VATICAN CITY - A woman jumped the barriers in St. Peter's Basilica and knocked down Pope Benedict XVI as he walked down the main aisle to begin Christmas Eve Mass yesterday.

The 82-year-old pontiff quickly got up and was unhurt, said a Vatican spokesman, the Rev. Ciro Benedettini.

Benedict made no reference to the incident as the service started. As a choir sang, he sprinkled incense on the altar before opening the Mass with the traditional wish for peace in Latin: "Pax vobis" ("Peace be with you"). The faithful responded: "Et cum spiritu tuo" ("And also with you").

In his homily, delivered unflappably after the incident, Benedict urged the world to "wake up" from selfishness and petty affairs and find time for God and spiritual matters.

Footage aired on Italy's RAI state TV showed a woman dressed in a red, hooded sweatshirt vaulting over the wooden barriers and rushing toward the pope before being swarmed by bodyguards.

Video shot by a witness showed the woman grabbing the pope's vestments as she was taken down, with Benedict seemingly falling on top of her.

Benedict lost his miter and his staff in the fall. He remained on the ground for a few seconds before being helped back up by attendants. At that point, a few shouts of "viva il papa!" (long live the pope!) rang out, followed by cheers from the faithful, witnesses said.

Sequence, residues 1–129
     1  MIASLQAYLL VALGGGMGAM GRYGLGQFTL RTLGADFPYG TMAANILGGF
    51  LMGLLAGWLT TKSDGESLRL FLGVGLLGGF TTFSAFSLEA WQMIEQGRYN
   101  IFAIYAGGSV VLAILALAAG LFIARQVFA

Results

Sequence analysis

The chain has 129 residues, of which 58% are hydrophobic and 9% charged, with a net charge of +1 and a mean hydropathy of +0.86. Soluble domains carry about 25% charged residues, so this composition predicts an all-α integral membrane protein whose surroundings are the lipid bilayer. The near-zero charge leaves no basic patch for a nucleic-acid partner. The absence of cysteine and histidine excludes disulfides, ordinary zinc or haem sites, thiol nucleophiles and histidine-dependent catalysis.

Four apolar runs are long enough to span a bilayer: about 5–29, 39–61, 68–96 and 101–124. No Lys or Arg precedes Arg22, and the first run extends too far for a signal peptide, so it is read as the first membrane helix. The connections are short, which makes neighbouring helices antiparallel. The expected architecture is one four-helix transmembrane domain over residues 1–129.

The commotion occurred as the papal procession was making its way toward the main altar, and gasps rang out among people who packed the basilica. The procession came to a halt and security rushed to the trouble spot.

Benedettini said the woman who pushed the pope appeared to be mentally unstable and was arrested by Vatican police. Also knocked down was Cardinal Roger Etchegaray, 87. He broke a leg and was hospitalized.

After the incident, Benedict, flanked by tense bodyguards, resumed his walk to the basilica's main altar to start the Mass.

It was the second year in a row there was a security breach at the service. At the end of last year's Mass, a woman who had jumped the barriers got close to the pope but was quickly brought to the ground by security.

Benedettini said it was not immediately known if the same woman was involved in yesterday's intrusion.

Benedict's next scheduled public appearance is at noon today, when he is to deliver his traditional "Urbi et Orbi" speech (Latin for "To the city and the world") from the basilica's balcony.